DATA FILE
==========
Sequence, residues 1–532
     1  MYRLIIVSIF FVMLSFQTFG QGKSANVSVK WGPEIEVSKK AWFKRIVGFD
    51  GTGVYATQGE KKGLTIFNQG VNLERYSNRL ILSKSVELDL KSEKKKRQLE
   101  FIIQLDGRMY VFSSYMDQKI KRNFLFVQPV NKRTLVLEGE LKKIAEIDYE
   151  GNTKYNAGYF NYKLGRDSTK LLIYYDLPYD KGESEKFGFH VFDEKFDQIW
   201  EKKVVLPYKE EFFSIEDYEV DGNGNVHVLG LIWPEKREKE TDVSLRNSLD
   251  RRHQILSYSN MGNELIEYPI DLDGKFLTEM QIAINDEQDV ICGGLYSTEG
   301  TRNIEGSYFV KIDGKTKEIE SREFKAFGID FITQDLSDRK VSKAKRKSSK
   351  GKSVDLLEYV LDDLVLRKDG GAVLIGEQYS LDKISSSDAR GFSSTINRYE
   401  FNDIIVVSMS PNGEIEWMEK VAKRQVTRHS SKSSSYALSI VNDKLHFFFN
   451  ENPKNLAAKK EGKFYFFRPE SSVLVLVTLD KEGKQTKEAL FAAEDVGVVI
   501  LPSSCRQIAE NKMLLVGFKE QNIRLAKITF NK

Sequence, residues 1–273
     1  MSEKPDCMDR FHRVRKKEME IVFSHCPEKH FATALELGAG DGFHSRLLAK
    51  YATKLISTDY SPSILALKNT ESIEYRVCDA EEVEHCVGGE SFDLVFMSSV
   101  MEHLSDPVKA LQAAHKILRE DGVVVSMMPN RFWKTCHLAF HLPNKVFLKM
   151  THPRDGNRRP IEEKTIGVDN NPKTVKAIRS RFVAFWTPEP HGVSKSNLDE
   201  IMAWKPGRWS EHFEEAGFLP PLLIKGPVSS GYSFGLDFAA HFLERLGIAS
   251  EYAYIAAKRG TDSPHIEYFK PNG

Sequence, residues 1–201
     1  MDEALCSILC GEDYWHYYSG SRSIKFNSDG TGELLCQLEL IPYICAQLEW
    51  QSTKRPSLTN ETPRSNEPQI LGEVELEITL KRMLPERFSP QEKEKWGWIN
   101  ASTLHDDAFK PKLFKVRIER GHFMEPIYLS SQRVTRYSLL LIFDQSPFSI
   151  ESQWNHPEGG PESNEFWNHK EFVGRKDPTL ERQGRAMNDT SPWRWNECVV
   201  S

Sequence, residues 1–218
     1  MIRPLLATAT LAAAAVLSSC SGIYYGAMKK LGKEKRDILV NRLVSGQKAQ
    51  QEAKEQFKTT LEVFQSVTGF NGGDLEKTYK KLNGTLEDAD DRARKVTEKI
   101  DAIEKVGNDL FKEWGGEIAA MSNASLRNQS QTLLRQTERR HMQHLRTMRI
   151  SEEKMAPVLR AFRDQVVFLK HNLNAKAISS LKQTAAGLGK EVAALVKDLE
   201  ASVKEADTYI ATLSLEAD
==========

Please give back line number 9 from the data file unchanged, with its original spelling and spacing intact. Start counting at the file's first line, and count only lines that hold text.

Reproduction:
   351  GKSVDLLEYV LDDLVLRKDG GAVLIGEQYS LDKISSSDAR GFSSTINRYE